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  • Black Voices, White Bodies: The Performance of Race and Gender in How Long Brethren
  • Susan Manning (bio)

Women standing by their men, supporting their men’s efforts to effect reform, never claiming their own rights: this is the dominant image of womanhood that Barbara Melosh discerns in plays staged by the Federal Theatre Project from 1935 to 1939. In her comprehensive study, Engendering Culture: Manhood and Womanhood in New Deal Public Art and Theater, Melosh argues that the Federal Theatre Project participated in the containment of feminism evident in New Deal liberalism. Although she cites the plays’ celebration of domesticity as a specifically female form of activist citizenship, she argues that this idealization of domesticity “precluded any acknowledgment of the conditions that restricted women’s full participation” in the public sphere. Melosh concludes that the Federal Theatre “cast women in revised roles but retained them as supporting players in male narratives of work and politics.” 1

However aptly Melosh reads the dramatic productions staged by the Federal Theatre Project, her analysis does not extend to the choreographic productions patronized by the project under the auspices of the Federal Dance Theatre. Instituted after modern dancers had protested their absence from the theatre project, the Federal Dance Theatre was an even shorter-lived venture than its parent organization. As an autonomous unit, the Federal Dance Theatre existed less than two years, from January 1936 to October 1937, when budget cuts dismantled its administrative structure and reabsorbed its personnel into [End Page 24] the Federal Theatre as a whole. 2 Yet during that brief period—and during the brief period thereafter when modern dancers continued to mount works for the project—the dance stage of the Federal Theatre rarely showed a woman standing by her man. Rather, the imagery of 1930s modern dance predominated—images of women figuring the diversity of American life, commenting on social issues, protesting injustices onstage and offstage. If Barbara Melosh cannot find feminism within New Deal theatre, it is perhaps because she overlooks the choreographic productions staged by the mostly female dancers and choreographers associated with the project—among them, Doris Humphrey, Katherine Dunham, and Helen Tamiris.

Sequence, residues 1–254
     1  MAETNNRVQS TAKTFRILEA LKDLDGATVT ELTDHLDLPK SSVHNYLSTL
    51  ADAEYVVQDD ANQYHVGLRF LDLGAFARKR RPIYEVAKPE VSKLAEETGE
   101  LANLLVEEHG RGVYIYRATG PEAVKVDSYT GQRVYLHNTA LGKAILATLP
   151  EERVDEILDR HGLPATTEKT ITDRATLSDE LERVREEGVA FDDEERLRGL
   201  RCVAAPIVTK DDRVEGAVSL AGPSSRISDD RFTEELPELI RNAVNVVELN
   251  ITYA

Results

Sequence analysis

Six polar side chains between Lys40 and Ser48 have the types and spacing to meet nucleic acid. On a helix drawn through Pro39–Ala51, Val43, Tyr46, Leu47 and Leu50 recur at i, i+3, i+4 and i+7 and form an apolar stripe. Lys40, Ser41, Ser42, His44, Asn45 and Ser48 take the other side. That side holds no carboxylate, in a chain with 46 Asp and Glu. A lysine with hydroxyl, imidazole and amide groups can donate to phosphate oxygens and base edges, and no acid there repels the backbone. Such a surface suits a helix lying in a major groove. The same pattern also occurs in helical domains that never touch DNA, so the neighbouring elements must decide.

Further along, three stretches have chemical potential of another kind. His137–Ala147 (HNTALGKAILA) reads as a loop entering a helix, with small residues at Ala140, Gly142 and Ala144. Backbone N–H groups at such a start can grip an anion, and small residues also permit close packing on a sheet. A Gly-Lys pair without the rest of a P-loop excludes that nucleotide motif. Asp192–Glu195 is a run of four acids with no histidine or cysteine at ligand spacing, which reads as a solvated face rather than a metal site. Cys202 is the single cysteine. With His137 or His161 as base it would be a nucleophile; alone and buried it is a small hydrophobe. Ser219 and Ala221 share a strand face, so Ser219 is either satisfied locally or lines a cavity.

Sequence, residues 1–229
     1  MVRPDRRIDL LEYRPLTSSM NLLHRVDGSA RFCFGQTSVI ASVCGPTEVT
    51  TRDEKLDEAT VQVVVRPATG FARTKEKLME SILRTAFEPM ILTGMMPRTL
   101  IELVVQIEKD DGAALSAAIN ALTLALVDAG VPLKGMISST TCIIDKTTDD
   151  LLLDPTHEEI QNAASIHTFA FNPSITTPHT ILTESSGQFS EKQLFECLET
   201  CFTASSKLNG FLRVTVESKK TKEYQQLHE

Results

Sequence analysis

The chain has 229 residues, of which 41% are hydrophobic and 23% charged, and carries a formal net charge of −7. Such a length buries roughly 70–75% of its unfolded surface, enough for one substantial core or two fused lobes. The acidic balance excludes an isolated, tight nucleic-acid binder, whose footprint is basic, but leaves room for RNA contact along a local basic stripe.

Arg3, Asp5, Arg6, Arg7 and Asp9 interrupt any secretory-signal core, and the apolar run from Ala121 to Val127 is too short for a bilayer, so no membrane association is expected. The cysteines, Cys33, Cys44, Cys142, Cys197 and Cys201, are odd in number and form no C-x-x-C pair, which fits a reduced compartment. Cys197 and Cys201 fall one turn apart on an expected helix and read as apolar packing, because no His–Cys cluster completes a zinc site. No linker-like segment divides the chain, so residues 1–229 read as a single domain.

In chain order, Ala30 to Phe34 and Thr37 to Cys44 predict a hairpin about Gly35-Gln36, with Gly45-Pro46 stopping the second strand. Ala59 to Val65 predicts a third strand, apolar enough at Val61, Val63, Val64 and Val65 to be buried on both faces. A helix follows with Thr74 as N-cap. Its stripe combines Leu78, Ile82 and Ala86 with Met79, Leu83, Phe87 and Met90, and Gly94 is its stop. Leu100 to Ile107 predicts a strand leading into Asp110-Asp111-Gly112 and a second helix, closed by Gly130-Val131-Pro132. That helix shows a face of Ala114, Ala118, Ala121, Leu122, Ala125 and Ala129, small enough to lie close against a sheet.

The undisputed hit of the Federal Dance Theatre was Helen Tamiris’s How Long Brethren. Premiered in May 1937, the work enjoyed more critical acclaim and a longer run than any other production sponsored by the Federal Dance Theatre in New York City. 3 In Dance Observer, an organ of the modern dance movement, Henry Gilfond called How Long Brethren “one of the most exciting compositions of this or any season.” 4 The reviewer for New Masses agreed and described “a new and enthusiastic audience—not strictly a dance audience, but, on the contrary, people who have never seen in dance anything but incomprehensible gesture.” 5 Since tickets for all Federal Theatre productions were discounted, the audience for How Long Brethren was more diverse than were audiences for modern dance productions outside the Federal Theatre—typically single performances or short runs aimed at spectators already initiated into the modern dance movement. 6

Thus How Long Brethren presented images of women familiar to devotees of modern dance since the early 1930s but unfamiliar to the larger public. Within and without the Federal Theatre, spectators were accustomed to seeing images of women in relation to men—whether an eroticized object of desire, a participant in heterosexual romance, or even a partner in the “comradely ideal” Melosh discerns in so many Federal Theatre plays. In contrast, the modern dance stage rarely defined women in relation to men; rather, the modern dance stage dramatized encounters between a (usually female) choreographer-dancer and an (often all-female) ensemble. In works cast only for women, the female body became a vehicle for choreographic metaphors of social process. Such works, including How Long Brethren, were feminist in the sense of challenging a centuries-old representational convention that makes man the measure of all things. In 1930s [End Page 25] modern dance a collective of women—white women, that is—became the universal subject. 7

Tamiris, a committed leftist, set How Long Brethren to African American work songs taken from a recently published anthology by Lawrence Gellert titled Negro...

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